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Misconceptions About Marijuana Possession in Connecticut

 Posted on December 28,2021 in Drug Charges

CT defense lawyer UPDATE: It has been a decade since Connecticut decriminalized marijuana, but in 2021, lawmakers voted to make additional changes to the law. Some of those changes have already taken place, while others will be taking place in 2022 or later.

In July, the law was changed so that adults who are 21 years of age or older are now able to possess up to 1.5 ounces of cannabis on their person or up to five ounces in a locked container in their home or a locked glove compartment or trunk in their vehicle.

As of October, any adults 18 years or older who have been issued medical marijuana cards are allowed to grow up to six marijuana plants inside their residence. Beginning in July 2023, any adult who is 21 years or older will be allowed to grow up to six plants indoors.

Another change to the law takes effect on July 1, 2022. Individuals with prior marijuana possession arrests can petition the court to have those records erased. According to the law, if a person was charged with possession of four ounces of less before January 1, 2000, or charged between October 1, 2015, through June 30, 2021, they can petition the court to have those charges arrested from their records.

If an individual was charged with possession of four ounces or less between January 1, 2000, to September 30, 2015, their charges will automatically be erased beginning on January 1, 2023.


In 2011, Connecticut’s then-governor signed legislation decriminalizing the possession of small amounts of marijuana, reducing the sentence from incarceration to a fine, between $150-$500 per offense. However, too many people hear this and assume that this means no consequences for possession at all. In reality, being charged with possession of any drug is still a serious offense that requires an experienced legal professional to manage.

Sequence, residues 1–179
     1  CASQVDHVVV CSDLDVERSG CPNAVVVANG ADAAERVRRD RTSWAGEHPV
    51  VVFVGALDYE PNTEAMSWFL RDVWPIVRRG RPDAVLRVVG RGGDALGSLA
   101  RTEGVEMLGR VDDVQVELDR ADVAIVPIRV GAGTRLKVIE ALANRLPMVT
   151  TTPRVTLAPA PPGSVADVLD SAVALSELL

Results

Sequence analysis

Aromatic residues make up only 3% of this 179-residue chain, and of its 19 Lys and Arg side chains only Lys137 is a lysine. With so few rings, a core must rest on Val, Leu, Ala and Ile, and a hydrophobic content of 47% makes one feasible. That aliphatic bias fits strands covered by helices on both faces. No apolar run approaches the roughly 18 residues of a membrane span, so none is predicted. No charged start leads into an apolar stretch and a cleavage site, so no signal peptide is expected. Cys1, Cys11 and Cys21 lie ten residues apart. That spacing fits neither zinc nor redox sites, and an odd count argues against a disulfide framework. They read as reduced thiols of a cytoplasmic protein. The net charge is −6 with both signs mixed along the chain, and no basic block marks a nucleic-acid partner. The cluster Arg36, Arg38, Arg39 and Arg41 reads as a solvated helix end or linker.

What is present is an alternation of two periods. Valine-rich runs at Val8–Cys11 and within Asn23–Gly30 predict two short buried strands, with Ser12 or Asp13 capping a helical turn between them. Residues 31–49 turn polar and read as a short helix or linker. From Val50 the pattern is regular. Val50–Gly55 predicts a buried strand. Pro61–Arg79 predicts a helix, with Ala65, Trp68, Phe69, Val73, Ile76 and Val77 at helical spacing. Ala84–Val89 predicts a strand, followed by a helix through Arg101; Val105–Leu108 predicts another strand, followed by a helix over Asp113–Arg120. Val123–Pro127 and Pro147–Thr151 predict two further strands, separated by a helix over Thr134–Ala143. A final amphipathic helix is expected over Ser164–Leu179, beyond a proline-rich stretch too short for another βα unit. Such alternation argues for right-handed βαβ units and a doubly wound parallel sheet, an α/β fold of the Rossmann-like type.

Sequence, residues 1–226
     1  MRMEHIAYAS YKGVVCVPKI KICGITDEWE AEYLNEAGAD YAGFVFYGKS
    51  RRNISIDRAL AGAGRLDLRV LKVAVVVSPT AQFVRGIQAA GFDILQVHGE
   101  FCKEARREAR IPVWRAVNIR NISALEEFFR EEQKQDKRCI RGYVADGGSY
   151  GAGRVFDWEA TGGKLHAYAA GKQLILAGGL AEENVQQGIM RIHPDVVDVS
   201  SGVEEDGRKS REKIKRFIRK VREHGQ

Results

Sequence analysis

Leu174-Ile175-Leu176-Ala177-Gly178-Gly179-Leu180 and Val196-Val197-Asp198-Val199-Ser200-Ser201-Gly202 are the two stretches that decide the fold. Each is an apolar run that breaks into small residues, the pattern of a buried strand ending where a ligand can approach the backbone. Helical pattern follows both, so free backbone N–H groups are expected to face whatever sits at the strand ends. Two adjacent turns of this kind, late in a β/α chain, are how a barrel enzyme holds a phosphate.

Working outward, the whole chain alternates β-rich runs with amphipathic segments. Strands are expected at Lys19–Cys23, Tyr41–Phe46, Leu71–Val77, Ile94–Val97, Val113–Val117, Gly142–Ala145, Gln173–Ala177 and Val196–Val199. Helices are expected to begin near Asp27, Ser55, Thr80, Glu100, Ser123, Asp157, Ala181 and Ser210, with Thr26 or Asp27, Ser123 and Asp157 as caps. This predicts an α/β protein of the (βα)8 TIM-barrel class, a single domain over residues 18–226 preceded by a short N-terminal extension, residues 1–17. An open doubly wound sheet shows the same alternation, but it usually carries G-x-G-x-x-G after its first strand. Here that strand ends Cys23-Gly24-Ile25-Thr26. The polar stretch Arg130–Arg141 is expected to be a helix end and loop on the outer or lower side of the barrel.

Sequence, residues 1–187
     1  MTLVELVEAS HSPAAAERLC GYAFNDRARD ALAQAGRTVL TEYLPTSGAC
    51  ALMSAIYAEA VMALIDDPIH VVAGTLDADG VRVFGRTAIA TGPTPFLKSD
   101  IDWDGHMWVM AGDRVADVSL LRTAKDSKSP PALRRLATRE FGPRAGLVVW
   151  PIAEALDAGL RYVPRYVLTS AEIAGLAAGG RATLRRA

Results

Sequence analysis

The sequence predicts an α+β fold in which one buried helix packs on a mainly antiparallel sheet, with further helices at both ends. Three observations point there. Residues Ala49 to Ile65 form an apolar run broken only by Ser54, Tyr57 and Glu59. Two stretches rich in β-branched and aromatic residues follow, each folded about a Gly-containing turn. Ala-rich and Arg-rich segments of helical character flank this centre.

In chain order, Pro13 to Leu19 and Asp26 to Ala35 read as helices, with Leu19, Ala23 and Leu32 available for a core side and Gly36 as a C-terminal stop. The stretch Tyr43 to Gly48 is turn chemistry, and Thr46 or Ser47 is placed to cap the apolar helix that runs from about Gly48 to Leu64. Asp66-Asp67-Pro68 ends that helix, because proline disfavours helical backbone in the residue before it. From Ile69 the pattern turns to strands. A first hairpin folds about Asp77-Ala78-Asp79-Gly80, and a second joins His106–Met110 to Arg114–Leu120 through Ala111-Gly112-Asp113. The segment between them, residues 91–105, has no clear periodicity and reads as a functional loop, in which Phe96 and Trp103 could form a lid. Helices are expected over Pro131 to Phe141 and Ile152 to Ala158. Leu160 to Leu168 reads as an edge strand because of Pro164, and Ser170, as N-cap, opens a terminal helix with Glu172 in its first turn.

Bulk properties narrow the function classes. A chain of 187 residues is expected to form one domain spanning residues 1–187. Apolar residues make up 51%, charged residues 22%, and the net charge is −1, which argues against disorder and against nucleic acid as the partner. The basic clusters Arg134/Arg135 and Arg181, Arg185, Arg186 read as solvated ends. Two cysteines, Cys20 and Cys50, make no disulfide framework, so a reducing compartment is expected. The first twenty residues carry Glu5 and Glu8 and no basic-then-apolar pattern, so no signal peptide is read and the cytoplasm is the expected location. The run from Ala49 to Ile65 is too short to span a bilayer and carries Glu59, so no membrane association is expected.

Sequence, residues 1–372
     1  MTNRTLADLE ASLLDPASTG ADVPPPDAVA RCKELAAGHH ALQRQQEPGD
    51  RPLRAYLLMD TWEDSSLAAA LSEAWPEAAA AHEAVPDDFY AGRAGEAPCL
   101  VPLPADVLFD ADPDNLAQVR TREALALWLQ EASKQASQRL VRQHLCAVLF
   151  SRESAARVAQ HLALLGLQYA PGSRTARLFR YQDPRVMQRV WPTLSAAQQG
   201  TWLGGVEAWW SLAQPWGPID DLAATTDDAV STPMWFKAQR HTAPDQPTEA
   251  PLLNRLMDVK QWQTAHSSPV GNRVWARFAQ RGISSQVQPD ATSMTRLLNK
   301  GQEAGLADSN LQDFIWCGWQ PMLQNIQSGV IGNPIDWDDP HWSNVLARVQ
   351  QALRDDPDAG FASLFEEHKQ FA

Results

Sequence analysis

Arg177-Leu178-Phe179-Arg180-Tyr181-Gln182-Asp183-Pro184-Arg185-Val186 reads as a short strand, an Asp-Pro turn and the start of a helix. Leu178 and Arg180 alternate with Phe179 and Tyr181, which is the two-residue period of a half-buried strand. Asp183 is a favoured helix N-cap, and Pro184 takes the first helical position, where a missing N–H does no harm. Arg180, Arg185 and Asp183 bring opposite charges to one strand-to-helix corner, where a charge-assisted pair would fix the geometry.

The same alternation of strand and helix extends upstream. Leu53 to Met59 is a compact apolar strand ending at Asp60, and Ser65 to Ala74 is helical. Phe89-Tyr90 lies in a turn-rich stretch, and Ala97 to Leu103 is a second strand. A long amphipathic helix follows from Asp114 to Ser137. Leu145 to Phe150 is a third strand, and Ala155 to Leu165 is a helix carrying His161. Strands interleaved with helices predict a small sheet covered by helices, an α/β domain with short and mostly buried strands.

Infractions vs. Crimes

Decriminalized offenses are still considered infractions, which means that consequences still attach. While these offenses do not carry a penalty of incarceration, they do still carry fines, and can still cause serious problems in the future, since a possession conviction as an adult will generally remain on a person’s criminal record. Also, after your second conviction for this infraction, you can be ordered into a drug treatment program by the court.

It may seem a good idea to simply pay a ticket for possession of marijuana, but in reality, it causes far more trouble than it alleviates in the short-term. Admitting your guilt means that the offense remains on your record, where it can be visible to future employers, loan officers, and others in positions of authority. In most situations, it is best to try and fight the charge, so you can potentially duck that blemish on your record.

Larger Amounts Can Result in Jail Time

In addition to the fact that possession of small amounts of marijuana still carries consequences, possession of amounts over one half-ounce is still a crime, carrying potential sentences of incarceration and fines far more serious than the infractions. If, for example, you are caught with more than one-half ounce of marijuana, you face up to one year in prison, but a subsequent conviction for the same offense is a felony, punishable by up to five years in prison and a $3,000 fine.

It is still possible, if unlikely, to defend against such a charge. The concept of ‘possession’ can be vague, and sometimes a prosecutor may have difficulty proving actual possession of the drugs. It is also more common than one might think that law enforcement may cut corners, meaning that the evidence used to charge you might have come from an illegal search. Either way, having an experienced attorney on your side can be a huge help.

Can a Stamford Marijuana Possession Attorney Help You?

One instance of marijuana possession can cause long-term problems for a person, so it is important to be aware of your options if you have been ticketed or charged. Contacting a skilled Fairfield County drug possession attorney can ensure that your rights are protected while dealing with law enforcement. The Law Offices of Daniel P. Weiner has handled many of these cases and is happy to try and assist with yours. Contact our offices today at 203-348-5846 for a free consultation.



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